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Original Issue

Full Of Spice The world's most famous athlete has few insights into his game but many into his personal life

BECKHAM: BOTH FEET ON THE GROUND by David Beckham with Tom Watt
HarperCollins, $24.95

The title Muhammad Ali and Michael Jordan once held--world's most
popular athlete--now belongs to David Beckham. But Beckham is a
soccer player, so his profile in the U.S. is comparatively low.
The British film Bend It Like Beckham and his marriage to Spice
Girl Victoria Adams (perhaps the chief source of his fame in the
U.S.) have at least blipped America's radar, but in the rest of
the world his renown soars like one of his rocketed free kicks.
It's that combination of on-field talent and off-field celebrity
that drives this book.

Sometimes the drive is smashing, especially because Beckham is a
magnet for controversy. In the book he confronts much-debated
incidents from his past with a cool eye and a strong spine. (It's
revealing that the U.K. edition is entitled My Side.) His
red-card ejection from the England-Argentina 1998 World Cup
match, for example, was perceived at home as costing his country
a chance at the title and triggered venomous, widespread media
and fan criticism and threats to him and his family. Beckham
faces up to his World Cup error--a retaliatory flick of his leg
at an opponent who had collided with him--but questions the
lunacy of his country's overreaction. His redemptive penalty-kick
goal against Argentina in the 2002 World Cup four years later,
and his adulation by the same public and press that scorned him,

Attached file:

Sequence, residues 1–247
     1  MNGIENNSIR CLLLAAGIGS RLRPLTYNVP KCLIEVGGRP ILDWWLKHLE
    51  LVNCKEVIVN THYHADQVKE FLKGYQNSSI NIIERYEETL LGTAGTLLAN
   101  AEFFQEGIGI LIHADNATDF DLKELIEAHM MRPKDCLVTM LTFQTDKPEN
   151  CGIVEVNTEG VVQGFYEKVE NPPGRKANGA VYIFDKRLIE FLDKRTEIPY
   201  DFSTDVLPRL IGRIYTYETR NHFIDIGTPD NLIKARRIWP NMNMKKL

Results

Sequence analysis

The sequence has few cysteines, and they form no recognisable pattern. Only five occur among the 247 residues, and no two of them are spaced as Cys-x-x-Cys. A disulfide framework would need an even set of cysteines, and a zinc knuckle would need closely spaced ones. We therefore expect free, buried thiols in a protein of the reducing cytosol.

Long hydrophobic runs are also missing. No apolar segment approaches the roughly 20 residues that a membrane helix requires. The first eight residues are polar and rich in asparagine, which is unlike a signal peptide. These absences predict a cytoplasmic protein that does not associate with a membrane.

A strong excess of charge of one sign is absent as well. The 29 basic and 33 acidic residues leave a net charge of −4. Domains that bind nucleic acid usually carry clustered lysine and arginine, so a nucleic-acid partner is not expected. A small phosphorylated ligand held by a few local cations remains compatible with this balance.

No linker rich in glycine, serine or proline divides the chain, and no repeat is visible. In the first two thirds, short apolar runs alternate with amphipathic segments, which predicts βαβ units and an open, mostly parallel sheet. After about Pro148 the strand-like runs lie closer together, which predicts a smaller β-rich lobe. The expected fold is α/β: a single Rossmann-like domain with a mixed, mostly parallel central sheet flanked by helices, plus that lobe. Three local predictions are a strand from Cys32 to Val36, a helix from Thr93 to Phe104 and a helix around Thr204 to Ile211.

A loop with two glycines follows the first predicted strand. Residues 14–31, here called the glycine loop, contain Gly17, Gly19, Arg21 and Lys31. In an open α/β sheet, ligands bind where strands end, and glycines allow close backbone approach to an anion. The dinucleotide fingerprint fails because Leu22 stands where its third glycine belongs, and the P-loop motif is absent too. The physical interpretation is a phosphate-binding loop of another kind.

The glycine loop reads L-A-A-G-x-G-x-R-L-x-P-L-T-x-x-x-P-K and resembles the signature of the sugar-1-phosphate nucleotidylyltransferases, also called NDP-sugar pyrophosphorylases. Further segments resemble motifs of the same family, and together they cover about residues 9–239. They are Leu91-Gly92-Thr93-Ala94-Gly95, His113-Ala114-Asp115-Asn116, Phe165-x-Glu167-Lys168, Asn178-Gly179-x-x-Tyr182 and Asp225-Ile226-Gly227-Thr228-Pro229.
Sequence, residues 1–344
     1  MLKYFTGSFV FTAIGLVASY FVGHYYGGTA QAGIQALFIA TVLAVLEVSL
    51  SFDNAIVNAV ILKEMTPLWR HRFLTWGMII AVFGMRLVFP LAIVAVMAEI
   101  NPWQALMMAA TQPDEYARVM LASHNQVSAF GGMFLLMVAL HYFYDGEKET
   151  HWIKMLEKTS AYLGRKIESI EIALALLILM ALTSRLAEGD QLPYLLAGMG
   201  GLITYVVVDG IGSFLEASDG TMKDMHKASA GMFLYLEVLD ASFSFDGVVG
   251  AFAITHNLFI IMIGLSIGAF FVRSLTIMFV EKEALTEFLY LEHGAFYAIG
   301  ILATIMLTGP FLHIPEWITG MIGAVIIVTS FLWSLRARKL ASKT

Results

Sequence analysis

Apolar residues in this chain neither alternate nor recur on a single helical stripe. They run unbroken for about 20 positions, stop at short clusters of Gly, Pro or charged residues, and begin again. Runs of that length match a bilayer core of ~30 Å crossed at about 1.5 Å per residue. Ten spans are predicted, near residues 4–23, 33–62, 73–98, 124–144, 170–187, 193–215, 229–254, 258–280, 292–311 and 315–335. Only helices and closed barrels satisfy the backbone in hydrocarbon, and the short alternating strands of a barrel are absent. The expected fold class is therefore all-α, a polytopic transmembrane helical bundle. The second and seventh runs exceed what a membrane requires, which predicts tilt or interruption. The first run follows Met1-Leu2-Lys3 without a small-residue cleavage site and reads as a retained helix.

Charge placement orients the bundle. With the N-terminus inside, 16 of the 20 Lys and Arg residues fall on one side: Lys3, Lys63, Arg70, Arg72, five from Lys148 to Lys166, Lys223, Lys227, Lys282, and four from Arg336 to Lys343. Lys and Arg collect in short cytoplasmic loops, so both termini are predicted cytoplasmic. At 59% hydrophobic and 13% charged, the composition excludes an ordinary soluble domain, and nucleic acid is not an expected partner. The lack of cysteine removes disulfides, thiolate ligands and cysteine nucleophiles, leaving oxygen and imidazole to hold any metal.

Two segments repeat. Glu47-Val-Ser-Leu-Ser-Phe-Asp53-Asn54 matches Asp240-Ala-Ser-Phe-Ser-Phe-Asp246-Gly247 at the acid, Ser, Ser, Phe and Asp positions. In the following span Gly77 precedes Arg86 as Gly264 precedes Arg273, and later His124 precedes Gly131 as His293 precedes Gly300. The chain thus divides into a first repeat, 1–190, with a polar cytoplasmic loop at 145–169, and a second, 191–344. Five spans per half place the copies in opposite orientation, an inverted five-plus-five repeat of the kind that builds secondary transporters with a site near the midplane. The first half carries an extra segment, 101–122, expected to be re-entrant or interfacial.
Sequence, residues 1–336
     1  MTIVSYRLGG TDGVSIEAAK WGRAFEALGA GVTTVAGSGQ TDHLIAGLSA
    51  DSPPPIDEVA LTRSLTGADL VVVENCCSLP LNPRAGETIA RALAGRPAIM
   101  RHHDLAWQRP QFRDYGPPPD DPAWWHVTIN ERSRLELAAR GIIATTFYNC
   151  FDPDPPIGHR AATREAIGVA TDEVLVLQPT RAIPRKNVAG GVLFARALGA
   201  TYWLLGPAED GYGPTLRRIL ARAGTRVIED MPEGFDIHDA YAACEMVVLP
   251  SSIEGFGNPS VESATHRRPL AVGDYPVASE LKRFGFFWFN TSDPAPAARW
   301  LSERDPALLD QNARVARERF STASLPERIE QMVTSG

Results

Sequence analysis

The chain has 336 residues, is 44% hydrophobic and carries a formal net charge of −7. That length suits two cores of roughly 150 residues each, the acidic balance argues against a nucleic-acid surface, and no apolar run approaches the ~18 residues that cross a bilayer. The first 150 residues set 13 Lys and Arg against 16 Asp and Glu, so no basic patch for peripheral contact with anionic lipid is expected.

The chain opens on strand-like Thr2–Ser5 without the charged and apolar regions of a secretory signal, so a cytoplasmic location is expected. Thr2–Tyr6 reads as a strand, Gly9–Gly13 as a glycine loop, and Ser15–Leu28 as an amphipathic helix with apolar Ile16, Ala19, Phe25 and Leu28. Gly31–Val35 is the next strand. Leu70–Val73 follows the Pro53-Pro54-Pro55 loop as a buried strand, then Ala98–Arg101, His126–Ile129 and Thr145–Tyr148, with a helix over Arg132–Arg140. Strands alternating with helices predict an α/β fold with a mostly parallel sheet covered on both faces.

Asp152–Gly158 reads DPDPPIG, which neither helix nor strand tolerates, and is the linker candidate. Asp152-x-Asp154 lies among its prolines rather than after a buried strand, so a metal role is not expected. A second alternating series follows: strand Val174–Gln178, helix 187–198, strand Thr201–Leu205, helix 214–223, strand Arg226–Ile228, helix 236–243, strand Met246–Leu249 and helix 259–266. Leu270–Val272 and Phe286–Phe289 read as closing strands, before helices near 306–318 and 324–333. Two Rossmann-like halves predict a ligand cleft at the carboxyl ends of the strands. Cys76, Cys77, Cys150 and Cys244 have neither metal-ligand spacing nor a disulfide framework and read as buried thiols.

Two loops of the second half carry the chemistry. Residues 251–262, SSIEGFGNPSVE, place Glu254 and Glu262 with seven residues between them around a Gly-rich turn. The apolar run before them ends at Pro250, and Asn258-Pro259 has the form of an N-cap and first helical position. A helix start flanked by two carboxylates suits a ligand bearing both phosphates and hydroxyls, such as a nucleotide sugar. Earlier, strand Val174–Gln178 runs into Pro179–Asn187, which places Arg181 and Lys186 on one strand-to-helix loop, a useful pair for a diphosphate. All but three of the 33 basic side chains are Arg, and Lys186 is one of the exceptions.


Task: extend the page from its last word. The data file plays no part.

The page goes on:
forms one of the book's emotional peaks.

Unlike Ali and Jordan, Beckham is not the best at what he does.
He is more one-dimensional, like Ted Williams, than
multidimensional, like Willie Mays. And if you're searching for
insight into how he developed his singular weapon, his ability to
launch the ball with terrific power and accuracy, this isn't the
place to look. He provides lots of family and youth-soccer tales
and a recap of recent British football history--best appreciated
if you follow Manchester United and England's national team. He
seems like a pleasant, dedicated, even sensitive chap. Then he
meets Posh Spice and, embracing his feminine side, delivers truly
excruciating details about their courtship and wedding, their
glamorous parties and friends and his obsession with clothes.

British soccer and the world of celebrity have become so
intertwined that commentators in England say that the footballers
have become "the new pop stars," with Beckham as Exhibit A.
Eventually his demanding United manager, Alex Ferguson ("the best
in the world," Beckham writes), began questioning his star
player's marriage and commitment to soccer. Beckham's falling-out
with Ferguson, whom he regarded as a second father, and his move
last summer to Spain's Real Madrid hover over the entire book. In
the face of renewed criticism, including the suggestion that he
and Victoria are the new John and Yoko, Beckham remains
unrepentant and determined to explain his side.